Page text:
Field Day

A little field can grow good corn says the screen print art slogan on the twirly washing line in the village fete field. East London’s coolest boys and girls sit on bails of hay in their colourful plastic shades and short jeans, discussing the day’s timetable and whether to enter the boys vs girls tug of war or go for a cup cake and a cup of tea in the Independent tent.

This is Field Day, a day festival in a park, not a field, with enough nerdy twiddles and thoughtful young men to fill a trainspotter’s little red book to overflowing.

Actually, the crowd in Victoria Park are less nerdy than expected, the sun is out, intermittently, the shades are on and the day ahead looks fabulous so most crack open a can, spark up and get on with the traditional festival pursuits of wandering from one big to tent to another in search of the next thrill, phoning mates to find out if they are having a better time than you and taking pictures of each other making shapes with that distinctive photo face that only ever comes out when there’s a lens pointed at it.

On to the music and the highlights for me were, in order of strength of emotional impact:

Atlas Sound in the Adventures In The Beetroot Field tent, one man, a guitar and a box of pedals making an extraordinary sound with delay and layers of beats and vocals. He’s long and gangly and incredibly geeky but the voice is beautiful and the looped vocals hit home – what do you want to be when you grow up?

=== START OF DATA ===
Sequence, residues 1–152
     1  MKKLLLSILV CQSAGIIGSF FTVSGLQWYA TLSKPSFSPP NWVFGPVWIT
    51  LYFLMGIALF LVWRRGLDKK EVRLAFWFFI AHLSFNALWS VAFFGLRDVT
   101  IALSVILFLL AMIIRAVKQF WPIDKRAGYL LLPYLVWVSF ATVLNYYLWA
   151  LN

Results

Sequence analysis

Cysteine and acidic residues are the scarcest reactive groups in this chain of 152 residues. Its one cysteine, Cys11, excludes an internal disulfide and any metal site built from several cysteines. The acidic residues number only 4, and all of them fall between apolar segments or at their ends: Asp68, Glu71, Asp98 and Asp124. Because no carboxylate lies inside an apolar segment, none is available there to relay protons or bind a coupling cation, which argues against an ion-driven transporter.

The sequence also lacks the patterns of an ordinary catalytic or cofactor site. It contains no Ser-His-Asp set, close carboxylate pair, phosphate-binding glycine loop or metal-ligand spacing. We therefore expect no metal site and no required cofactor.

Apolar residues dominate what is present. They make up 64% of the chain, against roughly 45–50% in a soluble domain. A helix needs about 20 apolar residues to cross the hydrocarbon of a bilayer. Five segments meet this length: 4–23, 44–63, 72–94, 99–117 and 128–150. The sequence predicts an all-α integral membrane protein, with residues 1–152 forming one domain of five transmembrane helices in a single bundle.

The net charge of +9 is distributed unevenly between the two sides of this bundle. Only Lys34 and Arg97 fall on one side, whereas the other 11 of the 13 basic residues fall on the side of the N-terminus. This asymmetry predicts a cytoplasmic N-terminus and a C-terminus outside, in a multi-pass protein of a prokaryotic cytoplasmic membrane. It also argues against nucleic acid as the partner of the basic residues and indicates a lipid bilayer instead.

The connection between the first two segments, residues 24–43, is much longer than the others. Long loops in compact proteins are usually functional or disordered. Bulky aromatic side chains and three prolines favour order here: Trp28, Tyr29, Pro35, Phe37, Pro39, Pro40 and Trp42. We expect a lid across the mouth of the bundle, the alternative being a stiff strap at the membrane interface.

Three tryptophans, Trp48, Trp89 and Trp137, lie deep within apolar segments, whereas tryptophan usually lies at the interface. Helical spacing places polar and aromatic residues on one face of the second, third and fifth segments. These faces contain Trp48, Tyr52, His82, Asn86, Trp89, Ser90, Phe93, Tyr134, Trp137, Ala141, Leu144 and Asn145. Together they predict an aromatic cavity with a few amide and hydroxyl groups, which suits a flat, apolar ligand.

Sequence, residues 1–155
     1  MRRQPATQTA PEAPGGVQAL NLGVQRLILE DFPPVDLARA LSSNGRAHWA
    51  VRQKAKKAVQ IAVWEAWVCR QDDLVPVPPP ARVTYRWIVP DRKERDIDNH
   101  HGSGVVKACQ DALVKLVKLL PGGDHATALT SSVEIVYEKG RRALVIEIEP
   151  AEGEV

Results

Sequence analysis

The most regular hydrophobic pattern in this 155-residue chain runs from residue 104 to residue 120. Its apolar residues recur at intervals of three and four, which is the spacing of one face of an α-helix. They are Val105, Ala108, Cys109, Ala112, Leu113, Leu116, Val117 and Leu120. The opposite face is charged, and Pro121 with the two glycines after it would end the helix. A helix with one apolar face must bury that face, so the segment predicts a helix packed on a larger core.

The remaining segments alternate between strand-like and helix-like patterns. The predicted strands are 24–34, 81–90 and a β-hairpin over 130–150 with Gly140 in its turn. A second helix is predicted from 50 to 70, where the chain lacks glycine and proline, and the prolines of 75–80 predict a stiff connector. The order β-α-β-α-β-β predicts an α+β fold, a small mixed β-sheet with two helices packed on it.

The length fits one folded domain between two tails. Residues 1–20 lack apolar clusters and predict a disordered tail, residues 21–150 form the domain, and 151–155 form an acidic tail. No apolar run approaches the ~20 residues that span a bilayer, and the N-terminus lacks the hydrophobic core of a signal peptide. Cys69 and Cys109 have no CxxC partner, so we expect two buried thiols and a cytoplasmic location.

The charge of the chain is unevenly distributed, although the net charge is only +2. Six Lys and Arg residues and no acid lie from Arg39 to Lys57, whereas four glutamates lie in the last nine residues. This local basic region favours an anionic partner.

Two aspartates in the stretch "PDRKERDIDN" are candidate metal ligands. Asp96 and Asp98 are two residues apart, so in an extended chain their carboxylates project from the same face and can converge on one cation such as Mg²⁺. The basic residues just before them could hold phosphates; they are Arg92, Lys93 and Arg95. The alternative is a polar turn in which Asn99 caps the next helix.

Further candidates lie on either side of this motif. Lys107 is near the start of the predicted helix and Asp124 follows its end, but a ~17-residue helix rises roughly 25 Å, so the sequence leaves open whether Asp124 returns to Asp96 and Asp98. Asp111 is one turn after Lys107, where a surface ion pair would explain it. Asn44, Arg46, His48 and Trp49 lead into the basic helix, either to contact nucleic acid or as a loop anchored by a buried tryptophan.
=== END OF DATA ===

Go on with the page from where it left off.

Caribou, on the main stage, perhaps not as powerful as expected, losing the impact of the album by playing with a quite traditional live line-up, drum, bass, guitar, keyboards; a little lost in the bright sunlight on the big stage without a band front man to take the focus of all those eyes; but redeemed by a stellar version of Sun, surely the tune of the summer.

Phoenix, on the main stage, so tight, so tuneful, a proper band for a festival, being brave and playing everything from the last album.

The Fall, Mark E Smith owning the stage, with total disdain for the audience and his band, turning down the guitarist half way through a song, looking like the scary, angry old man he has always sounded like, he’s still got that edgy energy and twisted verve that characterised music of the late 70s, and so much character and personality. Love them or hate them The Fall are unmistakable, the dude is a legend and it’s great to have seen an incarnation of his band. Silver Apples, one man and some crazy synths, like some crackpot professor doing karaoke in a parallel universe, it’s crazy and compelling.

Ramadanman on the main stage, even though he was too quiet and hidden in the corner.

And some boys with hoodies and laptops and some others with decks, arms aloft, doing what DJs do. Some we’re good, some not so good. Many hard to distinguish without a programme to hand. Overall though, the Field Day was a real winner, sun, dust, great music, friendly folk; I’ll definitely be doing this one again.